Home > Current, Legal, Politics > The Full Legacy of Public Policy Decisions

The Full Legacy of Public Policy Decisions

The United States Department of Veterans Affairs is in the news these days, and not inappropriately. Tales of bureaucratic inefficiencies are legion, of course, and maddening as it is that this particular tale directly and significantly affects the lives of those arguably least deserving of abuse at the cumbersome hand of the federal government, it cannot be surprising that bureaucratic inefficiency adversely affects people in meaningful ways. This is not an unacknowledged problem.

Probably coincidentally, this recent spotlight on the VA’s lethal shortcomings has illuminated another, less recognized and thankfully less lethal, feature of our public policy apparatus: governmental policy decisions can give birth to longer, sometimes much longer, legacies than likely were ordinarily contemplated at the time the decision was made. The VA, of course, is not immune to this effect, as evidenced by the fact that there is a Wilkesboro, North Carolina woman receiving a monthly payment from the VA in ongoing satisfaction of a pension for her father’s military service in the Civil War. The story of Irene Triplett and her father, Mose Triplett, is a somewhat interesting one from a historical perspective, as is to be expected of such stories.

The Triplett family’s story also serves as a reminder that public policy decisions can be fraught with costs– broadly defined– that extend, in some respects unpredictably, long beyond their commonly anticipated scope. This is as true in war as it is in any other public undertaking. In 1974, there were nearly 28,000 families receiving veterans’ benefits as a result of service in Spanish-American War, fought for three and a half months in 1898. Last year, the VA paid $2.2 billion to nearly 219,000 families for service in World War II, which ended in 1945. (Click the image and scroll to the bottom of the page for interactive functionality.)

longcostsofwar

Rarely, one must believe, do policy makers or citizens contemplate at the time the country enters into a military conflict that the financial costs of the decision to go to war might extend over 150 years beyond the conclusion of that war. And while the discussion thus far has emphasized the long life of the financial commitment of an engagement in armed conflict, we are only beginning to recognize the scope of the legacy of the real medical and social costs of armed conflict that the tallying of VA benefits is unlikely to capture in full.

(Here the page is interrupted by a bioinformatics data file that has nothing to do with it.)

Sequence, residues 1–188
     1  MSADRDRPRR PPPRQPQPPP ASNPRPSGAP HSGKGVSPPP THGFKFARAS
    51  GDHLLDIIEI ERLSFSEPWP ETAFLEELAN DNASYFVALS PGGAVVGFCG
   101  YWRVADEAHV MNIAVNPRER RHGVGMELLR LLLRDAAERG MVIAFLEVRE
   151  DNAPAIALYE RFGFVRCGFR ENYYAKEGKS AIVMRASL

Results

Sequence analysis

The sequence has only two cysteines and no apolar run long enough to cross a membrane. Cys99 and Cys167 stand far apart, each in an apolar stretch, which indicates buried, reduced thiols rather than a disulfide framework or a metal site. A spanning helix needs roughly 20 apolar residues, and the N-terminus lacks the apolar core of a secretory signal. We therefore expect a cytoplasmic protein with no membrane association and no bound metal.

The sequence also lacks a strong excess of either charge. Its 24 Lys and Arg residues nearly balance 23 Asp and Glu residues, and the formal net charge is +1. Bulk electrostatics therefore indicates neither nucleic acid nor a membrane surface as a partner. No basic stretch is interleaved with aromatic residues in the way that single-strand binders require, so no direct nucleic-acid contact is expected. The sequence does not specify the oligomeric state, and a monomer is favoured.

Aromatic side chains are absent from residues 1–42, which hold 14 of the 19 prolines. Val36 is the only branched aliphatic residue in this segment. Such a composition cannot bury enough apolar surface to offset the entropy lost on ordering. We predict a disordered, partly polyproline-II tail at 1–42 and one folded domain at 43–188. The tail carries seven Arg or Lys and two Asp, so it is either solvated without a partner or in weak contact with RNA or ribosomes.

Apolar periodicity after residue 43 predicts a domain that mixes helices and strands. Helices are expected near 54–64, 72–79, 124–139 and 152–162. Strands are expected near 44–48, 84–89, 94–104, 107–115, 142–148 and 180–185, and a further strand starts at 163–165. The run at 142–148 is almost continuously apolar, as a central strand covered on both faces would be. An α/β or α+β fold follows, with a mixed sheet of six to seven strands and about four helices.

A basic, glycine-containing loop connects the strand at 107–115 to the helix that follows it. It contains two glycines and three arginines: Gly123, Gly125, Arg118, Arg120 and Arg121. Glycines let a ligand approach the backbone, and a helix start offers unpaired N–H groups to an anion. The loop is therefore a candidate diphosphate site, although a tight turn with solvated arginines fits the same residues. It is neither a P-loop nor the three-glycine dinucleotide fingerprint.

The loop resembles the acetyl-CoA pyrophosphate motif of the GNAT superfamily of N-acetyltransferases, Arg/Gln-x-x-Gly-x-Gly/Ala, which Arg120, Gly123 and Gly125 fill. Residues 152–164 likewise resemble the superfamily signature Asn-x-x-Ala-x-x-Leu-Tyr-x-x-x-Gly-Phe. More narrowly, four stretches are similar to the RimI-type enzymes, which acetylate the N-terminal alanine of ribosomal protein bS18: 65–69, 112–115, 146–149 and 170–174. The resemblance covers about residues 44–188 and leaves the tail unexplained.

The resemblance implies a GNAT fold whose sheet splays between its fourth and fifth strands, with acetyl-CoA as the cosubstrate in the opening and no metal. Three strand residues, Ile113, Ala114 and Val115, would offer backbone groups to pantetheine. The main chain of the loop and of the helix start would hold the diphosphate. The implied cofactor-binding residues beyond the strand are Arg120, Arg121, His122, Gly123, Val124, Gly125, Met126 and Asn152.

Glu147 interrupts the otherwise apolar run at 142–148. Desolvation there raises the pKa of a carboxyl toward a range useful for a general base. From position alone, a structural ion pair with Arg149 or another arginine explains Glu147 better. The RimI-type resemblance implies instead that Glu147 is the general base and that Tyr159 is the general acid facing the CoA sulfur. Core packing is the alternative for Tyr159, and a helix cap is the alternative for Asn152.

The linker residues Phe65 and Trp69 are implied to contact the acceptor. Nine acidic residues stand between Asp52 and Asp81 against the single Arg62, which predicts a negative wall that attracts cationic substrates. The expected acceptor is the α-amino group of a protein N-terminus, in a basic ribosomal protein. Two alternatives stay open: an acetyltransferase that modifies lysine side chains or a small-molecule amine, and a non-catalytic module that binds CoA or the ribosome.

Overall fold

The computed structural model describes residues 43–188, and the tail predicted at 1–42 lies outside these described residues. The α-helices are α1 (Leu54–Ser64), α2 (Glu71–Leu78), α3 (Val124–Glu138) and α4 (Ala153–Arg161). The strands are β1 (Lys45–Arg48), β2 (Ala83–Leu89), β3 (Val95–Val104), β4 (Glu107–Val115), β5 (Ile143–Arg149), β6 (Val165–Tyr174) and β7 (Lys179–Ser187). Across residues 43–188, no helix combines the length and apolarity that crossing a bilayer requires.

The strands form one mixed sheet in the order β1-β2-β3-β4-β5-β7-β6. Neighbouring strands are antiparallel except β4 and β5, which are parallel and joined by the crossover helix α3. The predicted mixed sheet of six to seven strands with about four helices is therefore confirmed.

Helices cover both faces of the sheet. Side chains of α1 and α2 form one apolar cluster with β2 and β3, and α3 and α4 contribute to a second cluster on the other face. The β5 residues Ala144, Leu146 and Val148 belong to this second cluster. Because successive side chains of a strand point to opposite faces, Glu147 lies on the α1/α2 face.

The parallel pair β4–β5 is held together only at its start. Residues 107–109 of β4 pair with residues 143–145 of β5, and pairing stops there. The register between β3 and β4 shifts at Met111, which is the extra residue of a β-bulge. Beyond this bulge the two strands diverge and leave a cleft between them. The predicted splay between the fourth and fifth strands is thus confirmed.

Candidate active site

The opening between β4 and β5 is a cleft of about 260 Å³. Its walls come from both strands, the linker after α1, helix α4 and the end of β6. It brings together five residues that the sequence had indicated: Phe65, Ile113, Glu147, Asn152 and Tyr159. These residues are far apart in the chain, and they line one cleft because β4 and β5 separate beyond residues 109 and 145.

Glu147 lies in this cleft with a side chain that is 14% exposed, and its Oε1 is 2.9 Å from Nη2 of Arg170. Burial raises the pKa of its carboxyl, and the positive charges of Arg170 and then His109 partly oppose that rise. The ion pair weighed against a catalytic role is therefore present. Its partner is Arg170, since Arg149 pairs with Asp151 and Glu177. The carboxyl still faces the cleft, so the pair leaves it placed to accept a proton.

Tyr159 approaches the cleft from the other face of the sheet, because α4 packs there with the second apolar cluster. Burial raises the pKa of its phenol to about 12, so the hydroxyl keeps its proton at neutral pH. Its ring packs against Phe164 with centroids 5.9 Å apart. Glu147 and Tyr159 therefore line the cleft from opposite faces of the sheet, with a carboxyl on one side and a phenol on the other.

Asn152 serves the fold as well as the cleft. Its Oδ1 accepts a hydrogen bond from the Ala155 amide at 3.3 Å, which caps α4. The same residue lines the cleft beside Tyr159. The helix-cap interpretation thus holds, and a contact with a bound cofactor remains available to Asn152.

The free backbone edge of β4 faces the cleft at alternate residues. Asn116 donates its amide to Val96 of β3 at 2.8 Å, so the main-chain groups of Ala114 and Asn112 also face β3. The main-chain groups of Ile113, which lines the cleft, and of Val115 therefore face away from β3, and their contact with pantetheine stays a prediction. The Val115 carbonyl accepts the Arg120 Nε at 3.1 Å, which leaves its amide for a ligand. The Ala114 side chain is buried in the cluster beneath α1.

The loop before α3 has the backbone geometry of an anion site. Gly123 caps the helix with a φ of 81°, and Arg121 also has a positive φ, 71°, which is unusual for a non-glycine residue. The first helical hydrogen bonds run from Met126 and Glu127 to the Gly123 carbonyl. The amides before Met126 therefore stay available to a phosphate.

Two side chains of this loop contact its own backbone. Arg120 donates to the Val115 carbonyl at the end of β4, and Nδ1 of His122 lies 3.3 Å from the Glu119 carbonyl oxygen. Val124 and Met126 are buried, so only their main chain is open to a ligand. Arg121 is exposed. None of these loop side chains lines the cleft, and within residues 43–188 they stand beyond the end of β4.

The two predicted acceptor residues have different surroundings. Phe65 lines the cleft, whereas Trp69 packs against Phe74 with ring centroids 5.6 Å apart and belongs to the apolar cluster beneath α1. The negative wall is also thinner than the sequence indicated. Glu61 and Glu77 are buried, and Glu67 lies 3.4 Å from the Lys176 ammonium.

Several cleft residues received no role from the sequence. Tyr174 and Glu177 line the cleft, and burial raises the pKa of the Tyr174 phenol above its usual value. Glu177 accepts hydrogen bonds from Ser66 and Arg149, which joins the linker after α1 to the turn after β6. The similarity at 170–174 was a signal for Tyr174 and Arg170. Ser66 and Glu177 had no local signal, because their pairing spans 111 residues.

This phenomenon is not limited to the military context, of course. Many laws have “sunset” provisions that purport to set an expiration date, which legislatures subsequently may extend, for the legislation. Judicially enunciated policies can operate similarly. The Supreme Court justices themselves are an example. President Gerald Ford appointed John Paul Stevens as an associate justice in 1975. (President Richard Nixon appointed Stevens to the Seventh Circuit Court of Appeals in 1970.) Justice Stevens served on the Supreme Court until 2010, four years after Ford died. Ford thus continued to influence public policy from the grave. Indeed, Stevens, who is still alive, continues to influence public policy through speeches and other appearances to this day.

Humans are not great at contemplating the long-term consequences of their actions. This cognitive deficiency extends, with consequences, to their enactment of public policies. Rather than punt difficult decisions to future generations, the better approach may be to limit such policies to short-term effectiveness with opportunities to reconsider them down the road.

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Categories: Current, Legal, Politics
  1. June 2, 2014 at 11:01 am

    Classic Ford shoutout.

    The two main options presented here are either indefinite effect of legislation, or sunset clauses (that seem to be regularly renewed as they are due to a fear of electoral reprisal) thus giving the illusion of legislative pragmatism, with little in effect (headlines like, “Congress must vote to renew ” sounds different from “Congress is voting to re-enact sunsetting legislation”). Also, the sunset metaphor has a very periodic nature to it.

    The question that I want to present (and then promptly answer) is, is there a third option? Can we allow legislation to die in some reasonable acceptable fashion? I think, of course, that the answer is yes. Suppose the VA benefits simply fade away. Continue as they are for some number of years and then decay away every year thereafter to zero. This allows legislative effects to die gracefully.

    • AD
      June 2, 2014 at 9:14 pm

      I agree that there are alternatives, but I’m not sure what you’ve described is anything other than a specialized sunset provision.

      I also don’t mean to commit myself to the position that it necessarily is a problem that policy actions have long-lasting consequences. To the extent there is a problem here, though, I think it’s with our own ability to perceive the long-term costs of a decision at the time we make it. The answer may be to work to improve outcomes by improving ourselves rather than merely tinkering with the government apparatus.

      The examples above are generally financial or deal with readily monetized costs. The challenge of comprehension is even greater when it comes to health and environmental consequences.

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